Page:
University of Waterloo’s EPOCH competes in last leg of million dollar social enterprise competition
Four University of Waterloo student entrepreneurs were invited to the United Nations in New York City this past weekend to propose a sustainable, scalable, social enterprise that could restore the rights and dignity of 10 million refugees by 2022. Representing EPOCH, Jade Choy, Keith Choy, Lisa Tran, and Kaivalya Gandhi were one of six teams selected from 50,000 applications, and hundreds of universities worldwide, for the Hult Prize Challenge, the world’s largest student competition for social enterprises.
Competing for $1 million to fund their enterprise, EPOCH’s presentation at the Hult Prize Final was the culmination of a year-long journey. It started with winning the UWaterloo Hult Prize competition in February, organized by the Conrad Centre. After facing 1,500 competitors in March at the Regional Final in London, UK, EPOCH won the opportunity to participate in the six- week Hult Prize Incubator in Boston, Massachusetts this summer, before proposing their vision at the United Nations.
With sights set on helping refugees integrate into host countries, EPOCH is an app designed to bring together refugees and community members through the exchange of skills, talents, and services. Inspired by a concept called time banking, where time is used as a form of currency, EPOCH awards redeemable credits to refugees and community members for time spent helping one another, while also providing an opportunity for people to get to know and understand someone from another culture.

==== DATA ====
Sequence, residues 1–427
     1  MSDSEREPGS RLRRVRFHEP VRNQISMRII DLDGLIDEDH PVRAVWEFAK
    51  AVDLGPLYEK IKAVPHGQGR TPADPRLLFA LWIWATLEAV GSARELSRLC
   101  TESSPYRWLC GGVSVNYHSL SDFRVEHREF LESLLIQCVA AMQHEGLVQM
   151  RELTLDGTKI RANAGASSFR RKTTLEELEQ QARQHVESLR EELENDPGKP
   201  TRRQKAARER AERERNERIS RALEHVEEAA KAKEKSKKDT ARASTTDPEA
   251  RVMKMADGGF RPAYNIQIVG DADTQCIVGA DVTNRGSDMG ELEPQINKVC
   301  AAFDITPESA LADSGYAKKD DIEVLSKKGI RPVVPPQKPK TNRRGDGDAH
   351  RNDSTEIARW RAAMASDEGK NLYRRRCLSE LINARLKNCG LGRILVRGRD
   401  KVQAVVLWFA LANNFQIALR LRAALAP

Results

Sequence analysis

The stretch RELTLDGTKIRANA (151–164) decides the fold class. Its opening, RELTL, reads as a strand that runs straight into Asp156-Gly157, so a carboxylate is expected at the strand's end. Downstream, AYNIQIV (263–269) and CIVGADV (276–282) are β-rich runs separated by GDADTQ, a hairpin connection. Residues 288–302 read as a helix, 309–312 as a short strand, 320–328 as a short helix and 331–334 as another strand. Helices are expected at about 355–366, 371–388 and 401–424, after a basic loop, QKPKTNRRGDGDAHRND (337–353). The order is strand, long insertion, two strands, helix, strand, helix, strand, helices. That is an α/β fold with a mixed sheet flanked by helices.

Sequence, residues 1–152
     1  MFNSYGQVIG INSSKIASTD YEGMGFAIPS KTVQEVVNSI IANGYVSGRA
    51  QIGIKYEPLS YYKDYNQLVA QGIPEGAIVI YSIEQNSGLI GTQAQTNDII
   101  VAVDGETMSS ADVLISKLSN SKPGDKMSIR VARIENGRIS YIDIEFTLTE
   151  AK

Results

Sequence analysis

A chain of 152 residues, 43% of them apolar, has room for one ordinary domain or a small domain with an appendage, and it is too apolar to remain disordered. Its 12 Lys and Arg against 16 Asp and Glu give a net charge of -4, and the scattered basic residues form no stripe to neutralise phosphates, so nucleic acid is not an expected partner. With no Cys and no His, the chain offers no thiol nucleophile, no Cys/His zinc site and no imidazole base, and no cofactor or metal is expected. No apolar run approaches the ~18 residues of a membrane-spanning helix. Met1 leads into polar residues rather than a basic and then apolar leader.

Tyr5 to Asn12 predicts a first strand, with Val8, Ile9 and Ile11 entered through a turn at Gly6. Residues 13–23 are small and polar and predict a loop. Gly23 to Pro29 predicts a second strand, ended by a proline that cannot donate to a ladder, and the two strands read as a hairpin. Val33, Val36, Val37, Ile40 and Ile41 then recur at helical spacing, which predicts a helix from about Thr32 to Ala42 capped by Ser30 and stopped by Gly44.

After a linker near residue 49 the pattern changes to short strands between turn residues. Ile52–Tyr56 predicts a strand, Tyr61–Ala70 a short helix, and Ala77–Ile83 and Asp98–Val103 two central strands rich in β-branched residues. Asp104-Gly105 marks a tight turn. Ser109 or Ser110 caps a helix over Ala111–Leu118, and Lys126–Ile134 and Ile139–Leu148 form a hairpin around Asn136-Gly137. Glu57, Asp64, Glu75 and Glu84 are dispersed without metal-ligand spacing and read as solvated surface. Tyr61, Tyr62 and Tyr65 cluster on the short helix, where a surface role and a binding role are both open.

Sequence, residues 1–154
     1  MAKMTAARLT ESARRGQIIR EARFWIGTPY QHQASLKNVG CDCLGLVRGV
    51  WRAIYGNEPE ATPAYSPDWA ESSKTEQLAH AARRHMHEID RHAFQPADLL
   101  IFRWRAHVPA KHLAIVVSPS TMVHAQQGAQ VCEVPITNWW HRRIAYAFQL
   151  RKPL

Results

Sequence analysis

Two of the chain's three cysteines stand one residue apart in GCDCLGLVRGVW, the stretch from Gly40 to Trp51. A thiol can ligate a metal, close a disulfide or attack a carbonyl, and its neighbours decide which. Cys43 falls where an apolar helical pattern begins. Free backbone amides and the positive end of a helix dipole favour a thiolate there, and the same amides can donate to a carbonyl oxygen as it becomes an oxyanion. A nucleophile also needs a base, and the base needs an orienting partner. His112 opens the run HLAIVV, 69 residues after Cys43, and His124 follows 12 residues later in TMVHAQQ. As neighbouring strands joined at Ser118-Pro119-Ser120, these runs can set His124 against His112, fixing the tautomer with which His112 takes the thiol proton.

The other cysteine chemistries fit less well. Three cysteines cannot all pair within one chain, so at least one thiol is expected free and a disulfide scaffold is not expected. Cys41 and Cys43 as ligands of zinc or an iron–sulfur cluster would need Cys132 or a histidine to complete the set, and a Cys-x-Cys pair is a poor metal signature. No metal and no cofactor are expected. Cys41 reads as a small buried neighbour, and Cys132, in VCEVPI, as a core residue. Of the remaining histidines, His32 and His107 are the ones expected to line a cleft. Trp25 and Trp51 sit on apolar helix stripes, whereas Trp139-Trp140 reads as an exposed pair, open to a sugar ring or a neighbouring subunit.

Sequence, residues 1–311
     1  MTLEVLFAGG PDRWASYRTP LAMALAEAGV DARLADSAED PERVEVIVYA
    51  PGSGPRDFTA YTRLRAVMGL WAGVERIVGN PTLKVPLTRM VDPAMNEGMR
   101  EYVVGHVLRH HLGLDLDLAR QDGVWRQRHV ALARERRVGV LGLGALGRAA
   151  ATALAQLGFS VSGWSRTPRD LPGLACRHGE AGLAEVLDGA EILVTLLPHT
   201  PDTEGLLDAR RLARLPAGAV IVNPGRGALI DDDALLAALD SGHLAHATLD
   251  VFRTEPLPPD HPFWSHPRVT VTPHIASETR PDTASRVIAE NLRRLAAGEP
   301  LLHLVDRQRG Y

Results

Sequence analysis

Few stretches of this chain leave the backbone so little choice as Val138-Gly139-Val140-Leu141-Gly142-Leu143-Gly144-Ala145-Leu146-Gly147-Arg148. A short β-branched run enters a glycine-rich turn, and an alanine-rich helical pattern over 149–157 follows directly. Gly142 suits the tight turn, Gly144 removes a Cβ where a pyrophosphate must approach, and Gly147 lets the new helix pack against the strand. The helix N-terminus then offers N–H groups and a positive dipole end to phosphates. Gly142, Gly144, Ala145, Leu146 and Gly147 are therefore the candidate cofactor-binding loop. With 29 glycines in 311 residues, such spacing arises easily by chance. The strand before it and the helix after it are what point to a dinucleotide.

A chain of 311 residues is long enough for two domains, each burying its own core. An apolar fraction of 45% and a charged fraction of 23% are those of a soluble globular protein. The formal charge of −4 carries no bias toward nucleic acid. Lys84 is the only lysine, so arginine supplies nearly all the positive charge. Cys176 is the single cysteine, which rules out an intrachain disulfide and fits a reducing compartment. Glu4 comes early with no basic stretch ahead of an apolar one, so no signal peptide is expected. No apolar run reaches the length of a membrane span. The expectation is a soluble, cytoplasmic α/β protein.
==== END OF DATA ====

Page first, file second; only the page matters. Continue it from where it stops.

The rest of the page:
“This has been an intense year full of growth and opportunity and we are eager to keep going,” said Jade Choy, co-founder of EPOCH. “We’ve been inspired by the refugees we’ve met who continue to pursue their dreams for themselves and their children despite their circumstances, and we want to create the kind of impact that allows them to restore their dignity.”
EPOCH has been developed within the University of Waterloo’s dynamic innovation ecosystem, with support from Velocity, the Conrad Centre, the School of Accounting and Finance, and the Epp Peace Incubator at Conrad Grebel’s Centre for Peace Advancement. The Centre for Peace Advancement’s Paul Heidebrecht and Velocity’s Crista Renner accompanied EPOCH to New York to provide mentorship and support, where they were joined by and meet with Canada’s Ambassador to the UN, Marc-Andre Blanchard, along with senior civil servants from Immigration, Refugees, and Citizenship Canada. While the top prize ultimately went to Roshni Rides, an electronic rickshaw service that aims to provide affordable transportation, EPOCH did a fantastic job in representing UWaterloo.
Bill Clinton, the 42nd President of the United States, spoke at the event, noting the significant importance of the Hult Prize, and the challenges it addresses:
“No matter what the challenge is, or how much money you have or don’t have, anybody can talk about it. Governments, foundations and wealthy people can give money to it. But, people still have to figure out how to turn their good intentions into positive changes that move other people’s lives and empower them and that’s what all the teams have done.”
Jade, Keith, and Lisa’s passion were sparked by first-hand experience volunteering with refugees arriving in Kitchener-Waterloo, and has been shaped by partnerships with many of the agencies working to help support and integrate newcomers into the community. In recent months they have drawn on the insights of these partners to cultivate connections with settlement agencies and businesses in Europe, having travelled to Germany and the Netherlands to research the settlement and integration of refugees.